New Zealand dairy success comes at a price

High debt and environmental problems take some sheen from success story

In New Zealand the average herd size is 400 cows. The average herd size in Ireland is 60 cows.

In New Zealand the average herd size is 400 cows. The average herd size in Ireland is 60 cows.


New Zealand is often held up as an example of what Ireland could have been if the milk quota regime had not pulled the handbrake on our growth. Both countries had about the same number of dairy cows and were producing a similar volume of milk when the European Union introduced milk quotas in 1984. Since then, Ireland’s output has increased slightly to about 5.5 billion litres while New Zealand’s output is hovering at about 20 billion litres.

New Zealand is the world’s largest exporter of dairy products and dairying accounts for 30 per cent of its net export earnings.

Farming is on a different scale over there. The average herd size is 400 cows, up from 300 about 10 years ago, but 28 per cent of herds have more than 500 cows. The average herd size in Ireland is 60 cows.

But New Zealand’s expansion did not come without pain. Pollution problems and high farmer debt are two issues that have taken some of the sheen from the dairy success story.

Irish-born John Roche is principal scientist of animal science at DairyNZ, the industry organisation representing dairy farmers.

Prof Roche said Irish farmers can learn lessons from the mistakes made by their New Zealand counterparts, particularly when it comes to borrowing. Farmers have very high levels of debt in New Zealand compared with Irish farmers.

“Our debt-equity ratio in New Zealand is at about 40 per cent, whereas in Ireland it would be closer to 5 per cent,” he said.

New Zealanders do not have to pay capital gains tax on land, so when they sell land they do not face a massive tax bill. “We have banks willing to lend on interest-only loans and banks that are willing to capitalise accreted debt. All of those together have led to a fairly significant appetite for debt.”

He has noticed a few newspaper headlines in recent months about rural suicide “where farmers are not able to take the heat off debt”.

In January the New Zealand Herald reported there had been at least four suicides by farmers in December and said industry experts were blaming high levels of rural debt for increased stress. It said 14 farmers had taken their lives in the second half of last year and some local hospitals were treating a number of farmers at the same time, after attempted suicides.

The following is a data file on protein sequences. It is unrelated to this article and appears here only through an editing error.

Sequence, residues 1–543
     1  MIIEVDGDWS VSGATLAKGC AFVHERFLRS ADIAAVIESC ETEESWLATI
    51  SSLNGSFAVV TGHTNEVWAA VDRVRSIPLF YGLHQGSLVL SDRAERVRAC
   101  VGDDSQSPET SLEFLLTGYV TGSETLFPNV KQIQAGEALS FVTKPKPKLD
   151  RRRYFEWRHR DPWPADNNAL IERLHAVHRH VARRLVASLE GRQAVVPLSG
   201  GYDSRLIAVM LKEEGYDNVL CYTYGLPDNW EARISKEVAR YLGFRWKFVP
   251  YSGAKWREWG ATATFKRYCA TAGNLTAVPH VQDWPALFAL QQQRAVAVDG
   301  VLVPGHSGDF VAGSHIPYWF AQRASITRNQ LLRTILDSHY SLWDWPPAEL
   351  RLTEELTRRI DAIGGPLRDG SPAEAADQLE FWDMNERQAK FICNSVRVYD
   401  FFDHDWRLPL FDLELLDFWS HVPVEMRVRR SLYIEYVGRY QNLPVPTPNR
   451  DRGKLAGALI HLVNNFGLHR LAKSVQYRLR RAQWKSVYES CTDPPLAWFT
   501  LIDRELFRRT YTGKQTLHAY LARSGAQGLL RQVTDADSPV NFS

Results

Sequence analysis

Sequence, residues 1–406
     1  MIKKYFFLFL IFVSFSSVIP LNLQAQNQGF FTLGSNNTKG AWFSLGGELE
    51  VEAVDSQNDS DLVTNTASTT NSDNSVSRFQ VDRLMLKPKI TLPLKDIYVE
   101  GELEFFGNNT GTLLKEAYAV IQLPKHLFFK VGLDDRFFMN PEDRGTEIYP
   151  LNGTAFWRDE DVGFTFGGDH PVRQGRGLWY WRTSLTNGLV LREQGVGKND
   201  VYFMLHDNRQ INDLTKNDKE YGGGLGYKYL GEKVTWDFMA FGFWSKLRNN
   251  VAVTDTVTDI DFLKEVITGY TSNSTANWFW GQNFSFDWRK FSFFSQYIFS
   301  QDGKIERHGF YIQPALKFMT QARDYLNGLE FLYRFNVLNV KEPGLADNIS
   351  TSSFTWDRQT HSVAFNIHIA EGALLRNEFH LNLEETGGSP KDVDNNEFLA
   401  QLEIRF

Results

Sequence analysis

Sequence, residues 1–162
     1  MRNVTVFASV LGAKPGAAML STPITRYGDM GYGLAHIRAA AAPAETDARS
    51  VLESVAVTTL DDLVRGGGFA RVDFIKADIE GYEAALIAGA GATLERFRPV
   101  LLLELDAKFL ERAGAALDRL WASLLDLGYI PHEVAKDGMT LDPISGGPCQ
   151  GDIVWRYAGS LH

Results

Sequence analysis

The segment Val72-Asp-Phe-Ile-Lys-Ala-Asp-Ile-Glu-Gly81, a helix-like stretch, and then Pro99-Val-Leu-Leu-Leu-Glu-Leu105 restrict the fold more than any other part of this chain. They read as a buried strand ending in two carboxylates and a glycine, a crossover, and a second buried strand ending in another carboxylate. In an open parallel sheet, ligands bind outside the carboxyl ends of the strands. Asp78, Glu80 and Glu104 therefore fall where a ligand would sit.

Prof Roche said there was little doubt New Zealand dairy farmers created a successful business model between 1985 and 2005, and kept their costs of production low because milk prices were low.

Change in farming practices

“In other words, these statistics indicate that expansion and intensification during the last decade has not returned any value to New Zealand dairy farmers. In fact they are working harder, milking 80 more cows, on average, and receiving no additional financial reward.”

Minister for Agriculture Simon Coveney said he is a big admirer of the country’s dairy farmers. “But I still think there are lessons to be learned. We need to make sure that farmers don’t get themselves into too much debt. And we need to make sure that from a sustainability and environmental management point of view we work with nongovernmental organisations,” he said.

“I don’t think New Zealand did that particularly well and as a result there is friction among some NGOs and farming bodies in New Zealand.”

Wikipedia lists New Zealand’s “dirty dairying” as one of the top eight environmental disasters caused by agriculture. The phrase “dirty dairying” was coined to describe the damage done to New Zealand’s rivers and streams by the rapid intensification of farming since the early 1980s.

Increased pollution

The number of cows

milked almost doubled over a 20-year period, which led to increased pollution problems with waste and nitrogen from fertiliser running into waterways. Friction is a mild word to describe the differences that arose between farmers’ groups, the Fish and Game Council and environmentalists.

Mr Coveney said he would do everything to ensure Ireland did not go the same route.

“We need to share the numbers on emissions footprint of our dairy herd and we need to show that essentially we’re applying science, auditing and measurement from an environmental point of view to our production systems. If we are going to grow this industry at the pace we’re planning to grow it we have an obligation to prove that were doing it in a way that’s sustainable,” he said.

Prof Roche said most New Zealand dairy farmers have a very good lifestyle: “The farms are so big that they do have more free cash. The climate is better. The winter is not much more severe than in Ireland but it’s far shorter.”

He said farmers work long hours “but no longer than Irish farmers”.

“Scale-wise, farmers have the opportunity to employ labour which gives them the chance to take weekends off. With scale and efficiency, that will come for Irish farmers too.”

Of course, there is stress for the heavily indebted.

“If you’ve set your business up with high costs, irrespective of whether you have high output or not, when milk price turns down high costs are difficult to roll back,” he said.

Prof Roche said the best Irish dairy farmers are as good as the New Zealand dairy farmers.

“There’s no question about that. If we hadn’t had milk quotas I think we could have matched New Zealand.”